The Italian Abroad Wine Blog
The Italian abroad wine blog is my wine blog and diary. I founded Italyabroad.com in 2003 and have been living abroad for almost 20 years and this blog is a collection of my thoughts about mainly Italian wine and food, but also wine and food in general. I come from an Italian wine making family and got acquainted with wine at a very early age, but I don't just love Italian wine, I love any good wine and enjoy plenty of it, I am also very passionate about good food and travelling, and often my posts include a bit of everything.
To help you understand Italian wines, we have designed a series of Italian wine maps featuring DOC and DOCG Italian wines, where you can discover the origin and the grapes making it of your favourite Italian wine. I also wrote this post about the Italian wine appellation system explaining the Italian wine classification and what it really means for wine drinkers.
At Italyabroad.com we also have a Youtube channel where you can watch me tasting some of our wines and answer your questions about Italian wines and grapes, from the real meaning of DOC to what is an orange wine.
Hope you enjoy reading it,
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The Italian craft beer brand abroad is nonexistent, beer drinkers associate Italian beer with Peroni or Moretti, owned by Asahi, and more recently Ichnusa, owned by Heineken, they do not seem to be aware that not only these brands are not Italian but they are not drunk in Italy
Make 2020 the year of visiting a small winery, far or close, here or abroad, it doesn’t matter, you can join one of our wine tours or go on your own, knock at the door of the first winery you encounter on your way and talk to the people working there, ask questions, visit the vineyards, just do it and wine will never be the same again
I have tasted plenty of orange wines and it is hard to find good ones, it is now a worldwide trend and everyone is trying to jump on the wagon, exactly like sparkling wines, properly made orange wines are difficult to find because are more difficult to make, finding the balance between tannins and freshness is an art, but just like any other great wine, when properly made, are amazing wines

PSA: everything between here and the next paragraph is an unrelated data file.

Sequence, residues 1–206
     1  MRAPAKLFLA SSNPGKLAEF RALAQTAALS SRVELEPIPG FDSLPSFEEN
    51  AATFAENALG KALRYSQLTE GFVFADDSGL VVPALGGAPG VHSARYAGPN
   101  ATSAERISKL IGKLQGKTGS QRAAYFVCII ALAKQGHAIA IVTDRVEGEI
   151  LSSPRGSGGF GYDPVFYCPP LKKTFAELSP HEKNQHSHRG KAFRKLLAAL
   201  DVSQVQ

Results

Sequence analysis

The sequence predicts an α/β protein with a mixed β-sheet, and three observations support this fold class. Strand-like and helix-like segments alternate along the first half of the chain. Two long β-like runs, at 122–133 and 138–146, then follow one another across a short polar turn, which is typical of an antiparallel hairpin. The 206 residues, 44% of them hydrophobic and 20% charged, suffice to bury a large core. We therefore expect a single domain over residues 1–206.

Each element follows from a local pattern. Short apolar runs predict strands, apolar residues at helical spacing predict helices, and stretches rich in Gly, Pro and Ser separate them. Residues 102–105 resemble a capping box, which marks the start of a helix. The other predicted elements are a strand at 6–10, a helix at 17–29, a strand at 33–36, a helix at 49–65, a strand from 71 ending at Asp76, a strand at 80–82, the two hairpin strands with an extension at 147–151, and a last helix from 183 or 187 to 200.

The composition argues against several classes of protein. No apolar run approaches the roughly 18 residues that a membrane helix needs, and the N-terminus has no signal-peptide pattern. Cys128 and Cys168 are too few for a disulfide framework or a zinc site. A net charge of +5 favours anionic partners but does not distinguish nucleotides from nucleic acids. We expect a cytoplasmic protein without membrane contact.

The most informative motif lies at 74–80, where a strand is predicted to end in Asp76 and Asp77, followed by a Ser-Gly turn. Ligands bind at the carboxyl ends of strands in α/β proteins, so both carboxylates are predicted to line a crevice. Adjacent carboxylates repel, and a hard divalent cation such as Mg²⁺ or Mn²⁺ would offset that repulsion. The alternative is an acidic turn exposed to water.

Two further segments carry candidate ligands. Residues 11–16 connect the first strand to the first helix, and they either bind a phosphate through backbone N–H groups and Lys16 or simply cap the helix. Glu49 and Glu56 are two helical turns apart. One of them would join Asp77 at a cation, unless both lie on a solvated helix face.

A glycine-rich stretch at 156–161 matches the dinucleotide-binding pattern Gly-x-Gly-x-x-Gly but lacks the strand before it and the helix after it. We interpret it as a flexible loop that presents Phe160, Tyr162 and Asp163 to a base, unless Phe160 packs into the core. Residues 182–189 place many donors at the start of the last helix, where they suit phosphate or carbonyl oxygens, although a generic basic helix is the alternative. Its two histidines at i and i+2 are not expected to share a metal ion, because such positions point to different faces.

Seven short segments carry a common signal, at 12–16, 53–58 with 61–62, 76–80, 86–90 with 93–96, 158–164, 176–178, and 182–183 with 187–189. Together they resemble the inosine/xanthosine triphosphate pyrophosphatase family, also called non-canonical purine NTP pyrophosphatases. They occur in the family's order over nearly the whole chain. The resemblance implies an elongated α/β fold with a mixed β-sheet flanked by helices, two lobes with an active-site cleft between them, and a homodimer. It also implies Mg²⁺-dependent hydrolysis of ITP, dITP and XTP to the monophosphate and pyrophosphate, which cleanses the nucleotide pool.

Being a wine buyer today is not anymore about travelling the world discovering great wines, it is about sitting on a desk and taste dozens of wines, but it is certainly not about margins and profits, I never wanted to be an accountant, I may be romantic, but this is what I do.
No or low alcohol drinks is a trend and as such, as a business we can't ignore it and we are not, however, no alcohol wine or spirits is something Italians don’t do, except Peroni which we all know it is not Italian, and the ones I tried, not Italian, were not good
At Italyabroad.com we've always campaigned and supported a healthy attitude towards alcohol, we never advertised or promoted cheap wine or alcohol in general, we always said less is better, same for food, we have a clear manifesto, even when goes against our financial interests
Grappa is the most Italian of all spirits, made from a waste product, the pomace, the left over from the wine making process, and originally the poor people ‘s drink. Rich people would make and drink the wine and give the left over to the poor people for them to make their own drink, grappa, drink that until recently, did not have a great reputation amongst spirits lovers
Christmas is the time of the year where we tend to spend more on a bottle of wine, we are all looking for that special bottle, and once we find the special bottle or bottles, it comes the question on how to store and serve them on the big day, storing and serving a wine correctly becomes very important, if done incorrectly can spoil the whole experience
If 20 years ago the wines were mainly divided into well and poorly made and the one well made were all following the same approach creating very similar wines, nowadays, even wines like Lugana have plenty of shades in between.
"Appassimento” is a style of wine obtained by drying the grapes for any period after the harvesting to increase their sugar content, sugar content that once fermented becomes alcohol and “appassimento” style wines tend to have higher alcohol content, with the unfermented sugar called “residual sugar”
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